Iraqis witnessed the bloodiest month in years this past July, according to the latest United Nations report. A total of 1,057 people were killed and another 2,326 wounded during the escalating sectarian violence not seen since the peak of the insurgency in 2008. After June experienced a relative decrease in violence, the latest statistics demonstrate a return to a death toll exceeding that of this past May.
“I reiterate my urgent call on Iraq’s political leaders to take immediate and decisive action to stop the senseless bloodshed, and to prevent these dark days from returning,” said UN Deputy Special Representative for Iraq Gyorgy Busztin. A total of 4,137 civilians have been killed since the beginning of the year. Referring to the ceaseless attacks as “security setbacks,” Prime Minister Maliki vowed to remain steadfast. “Iraq is in a confrontation that we will not lose,” he said on Al Iraqiya state TV. Maliki also blamed unspecified “neighboring countries” of backing militants involved with violence, but did not reach out to other religious minorities to ease the unrest.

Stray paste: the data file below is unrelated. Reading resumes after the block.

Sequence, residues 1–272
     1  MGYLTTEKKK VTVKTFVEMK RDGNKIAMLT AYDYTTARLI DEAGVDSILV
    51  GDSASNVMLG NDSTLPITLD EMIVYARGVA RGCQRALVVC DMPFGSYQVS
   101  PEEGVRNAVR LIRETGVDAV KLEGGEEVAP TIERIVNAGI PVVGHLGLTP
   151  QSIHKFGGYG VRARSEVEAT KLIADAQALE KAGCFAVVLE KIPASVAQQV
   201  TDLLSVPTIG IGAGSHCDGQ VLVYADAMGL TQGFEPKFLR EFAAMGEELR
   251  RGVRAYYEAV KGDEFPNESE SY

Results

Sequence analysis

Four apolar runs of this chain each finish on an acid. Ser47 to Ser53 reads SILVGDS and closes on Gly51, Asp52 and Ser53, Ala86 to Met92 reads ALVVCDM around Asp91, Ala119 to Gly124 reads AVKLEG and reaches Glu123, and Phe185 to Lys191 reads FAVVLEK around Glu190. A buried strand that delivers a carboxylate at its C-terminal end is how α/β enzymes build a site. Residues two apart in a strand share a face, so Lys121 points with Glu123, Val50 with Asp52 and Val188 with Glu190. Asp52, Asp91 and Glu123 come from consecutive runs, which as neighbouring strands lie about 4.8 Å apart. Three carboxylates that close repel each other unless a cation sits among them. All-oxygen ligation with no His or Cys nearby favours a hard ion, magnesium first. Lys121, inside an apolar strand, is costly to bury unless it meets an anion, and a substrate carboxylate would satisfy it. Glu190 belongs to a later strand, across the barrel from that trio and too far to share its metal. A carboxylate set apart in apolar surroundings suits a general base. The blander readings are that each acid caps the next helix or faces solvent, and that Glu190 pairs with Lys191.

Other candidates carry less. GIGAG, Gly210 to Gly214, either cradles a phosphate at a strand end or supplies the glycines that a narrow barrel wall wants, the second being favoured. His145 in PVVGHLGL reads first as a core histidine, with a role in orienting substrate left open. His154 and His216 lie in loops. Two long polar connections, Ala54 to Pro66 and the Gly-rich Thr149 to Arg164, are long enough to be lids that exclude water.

An Iraqi man inspects the site of a car bomb explosion in the impoverished district of Sadr City in Baghdad on July 29, 2013. (Photo: AFP)
The UN report comes on the heels of the mass jailbreaks at Abu Ghraib and Taji that freed hundreds of al-Qaeda prisoners and called into question Iraqi security forces’ reliability in containing the radicalist threat. The series of 17 bombings that killed 60 people across the country on July 29 prompted the Interior Ministry to declare insurgents guilty of waging a war upon national unity as they attempt to “plunge the country into chaos.”
Increasing sectarian violence has failed to renew political will aimed at ending the bloodshed. The Maliki-led government that once largely excluded the Sunni opposition formed a coalition in 2010 to maintain party control; however, the government has failed to quell the perpetual Sunni-Shiite conflict. The UN has called upon all parties to the conflict to enter a meaningful dialogue, although the prospects for peace remain dim.